I am trying to take the laplace transform of \cos(t)u(t-\pi).

Bailee Ortiz 2022-04-27 Answered
I am trying to take the laplace transform of cos(t)u(tπ). Is it valid for me to treat it as ((cos(t)+π)π)u(tπ) and treat cos(t)π as f(t) and use the 2nd shifting property, or is this not the correct procedure?
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Answers (2)

utloverej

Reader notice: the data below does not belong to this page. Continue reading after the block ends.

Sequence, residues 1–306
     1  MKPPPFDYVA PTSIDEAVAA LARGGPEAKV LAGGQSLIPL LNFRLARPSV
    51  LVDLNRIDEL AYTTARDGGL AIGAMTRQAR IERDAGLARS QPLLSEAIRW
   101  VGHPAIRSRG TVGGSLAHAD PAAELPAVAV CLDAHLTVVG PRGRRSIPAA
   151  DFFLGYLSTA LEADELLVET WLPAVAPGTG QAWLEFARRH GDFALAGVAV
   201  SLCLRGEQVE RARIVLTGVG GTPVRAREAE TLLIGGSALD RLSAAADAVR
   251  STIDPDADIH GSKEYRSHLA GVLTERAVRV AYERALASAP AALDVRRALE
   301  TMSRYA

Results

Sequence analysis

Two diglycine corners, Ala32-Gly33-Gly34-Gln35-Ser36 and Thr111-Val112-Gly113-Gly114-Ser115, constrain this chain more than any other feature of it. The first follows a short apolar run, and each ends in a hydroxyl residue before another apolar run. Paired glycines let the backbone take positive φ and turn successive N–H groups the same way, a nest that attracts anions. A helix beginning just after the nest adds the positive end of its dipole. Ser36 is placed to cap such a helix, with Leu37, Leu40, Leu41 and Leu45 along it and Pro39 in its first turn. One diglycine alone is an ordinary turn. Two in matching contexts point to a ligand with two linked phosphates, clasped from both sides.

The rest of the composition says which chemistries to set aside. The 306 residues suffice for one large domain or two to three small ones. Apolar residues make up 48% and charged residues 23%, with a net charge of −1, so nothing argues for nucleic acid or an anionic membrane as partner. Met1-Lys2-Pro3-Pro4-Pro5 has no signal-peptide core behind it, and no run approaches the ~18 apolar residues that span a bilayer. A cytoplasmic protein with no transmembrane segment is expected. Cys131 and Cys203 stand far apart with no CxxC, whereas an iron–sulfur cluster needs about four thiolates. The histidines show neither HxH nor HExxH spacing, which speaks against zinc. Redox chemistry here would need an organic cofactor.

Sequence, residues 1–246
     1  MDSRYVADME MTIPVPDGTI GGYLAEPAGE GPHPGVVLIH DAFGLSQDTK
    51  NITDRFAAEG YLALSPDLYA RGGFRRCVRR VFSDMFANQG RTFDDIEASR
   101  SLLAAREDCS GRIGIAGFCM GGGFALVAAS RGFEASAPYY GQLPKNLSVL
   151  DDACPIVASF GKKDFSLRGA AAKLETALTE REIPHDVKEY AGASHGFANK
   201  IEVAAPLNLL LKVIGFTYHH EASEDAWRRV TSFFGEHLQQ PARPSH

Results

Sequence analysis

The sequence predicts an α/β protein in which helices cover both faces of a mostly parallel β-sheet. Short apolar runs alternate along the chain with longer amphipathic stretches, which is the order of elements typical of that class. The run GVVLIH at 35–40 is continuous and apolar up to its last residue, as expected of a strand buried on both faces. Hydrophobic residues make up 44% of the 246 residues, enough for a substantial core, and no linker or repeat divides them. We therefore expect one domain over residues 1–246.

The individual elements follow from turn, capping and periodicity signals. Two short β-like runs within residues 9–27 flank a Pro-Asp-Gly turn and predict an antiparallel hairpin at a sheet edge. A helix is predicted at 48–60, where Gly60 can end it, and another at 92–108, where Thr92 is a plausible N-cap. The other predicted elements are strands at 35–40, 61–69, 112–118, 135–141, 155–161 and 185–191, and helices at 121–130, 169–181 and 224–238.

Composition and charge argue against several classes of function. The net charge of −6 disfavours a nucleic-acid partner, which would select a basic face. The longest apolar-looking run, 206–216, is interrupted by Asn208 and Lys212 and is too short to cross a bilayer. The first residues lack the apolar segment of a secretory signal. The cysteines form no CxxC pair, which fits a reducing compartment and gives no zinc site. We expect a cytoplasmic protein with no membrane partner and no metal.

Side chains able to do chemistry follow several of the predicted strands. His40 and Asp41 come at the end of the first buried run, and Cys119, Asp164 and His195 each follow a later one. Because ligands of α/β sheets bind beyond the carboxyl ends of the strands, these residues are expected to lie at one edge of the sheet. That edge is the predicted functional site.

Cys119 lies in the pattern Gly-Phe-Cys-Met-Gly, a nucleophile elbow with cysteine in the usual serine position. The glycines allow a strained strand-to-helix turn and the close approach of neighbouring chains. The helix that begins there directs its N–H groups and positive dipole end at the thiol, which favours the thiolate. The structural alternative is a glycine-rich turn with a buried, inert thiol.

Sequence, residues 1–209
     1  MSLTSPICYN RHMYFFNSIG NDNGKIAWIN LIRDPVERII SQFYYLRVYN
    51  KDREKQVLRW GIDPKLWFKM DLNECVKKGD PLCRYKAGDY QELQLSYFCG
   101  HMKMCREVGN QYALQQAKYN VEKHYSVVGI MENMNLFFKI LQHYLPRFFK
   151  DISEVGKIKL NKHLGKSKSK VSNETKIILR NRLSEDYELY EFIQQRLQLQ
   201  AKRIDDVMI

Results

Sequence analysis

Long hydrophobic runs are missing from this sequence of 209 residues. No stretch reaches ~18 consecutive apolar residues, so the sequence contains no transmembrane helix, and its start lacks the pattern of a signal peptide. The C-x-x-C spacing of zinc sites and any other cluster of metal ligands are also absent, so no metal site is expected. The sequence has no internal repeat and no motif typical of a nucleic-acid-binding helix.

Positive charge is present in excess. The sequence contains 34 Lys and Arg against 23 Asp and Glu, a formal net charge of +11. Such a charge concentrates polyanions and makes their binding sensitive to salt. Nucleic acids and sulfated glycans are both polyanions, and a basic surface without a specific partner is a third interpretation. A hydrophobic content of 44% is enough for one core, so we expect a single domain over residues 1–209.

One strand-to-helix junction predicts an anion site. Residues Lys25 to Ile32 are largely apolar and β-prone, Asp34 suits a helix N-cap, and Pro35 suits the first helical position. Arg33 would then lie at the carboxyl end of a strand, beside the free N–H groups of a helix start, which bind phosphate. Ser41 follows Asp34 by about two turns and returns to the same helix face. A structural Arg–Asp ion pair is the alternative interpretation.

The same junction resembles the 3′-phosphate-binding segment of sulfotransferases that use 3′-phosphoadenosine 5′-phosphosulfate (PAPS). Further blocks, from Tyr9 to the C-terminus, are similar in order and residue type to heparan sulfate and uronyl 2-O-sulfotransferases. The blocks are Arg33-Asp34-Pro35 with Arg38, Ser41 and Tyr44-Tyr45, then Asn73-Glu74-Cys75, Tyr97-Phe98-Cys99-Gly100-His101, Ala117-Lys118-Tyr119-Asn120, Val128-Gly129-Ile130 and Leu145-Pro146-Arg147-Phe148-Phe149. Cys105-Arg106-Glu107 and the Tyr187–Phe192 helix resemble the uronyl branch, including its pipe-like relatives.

Answered 2022-04-28 Author has 15 answers
Here is one approach:
L(cos(t))=ss2+1
Lcos(t)u(tπ)=eπsL(cos(tπ))=eπsL(cos(t))=eπsss2+1
Recall from the sum formula:
cos(tπ)=costcosπ+sintsinπ=cost
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Salvador Ayala
Answered 2022-04-29 Author has 10 answers
Note that cos(t)=cos((tπ)+π)=cos(tπ)
Because cos(α+β)=cosαcosβsinαsinβ  where  α=tπ  and  β=π
Hence,
L{cos(t)u(tπ)}=L{cos(tπ)u(tπ)}=
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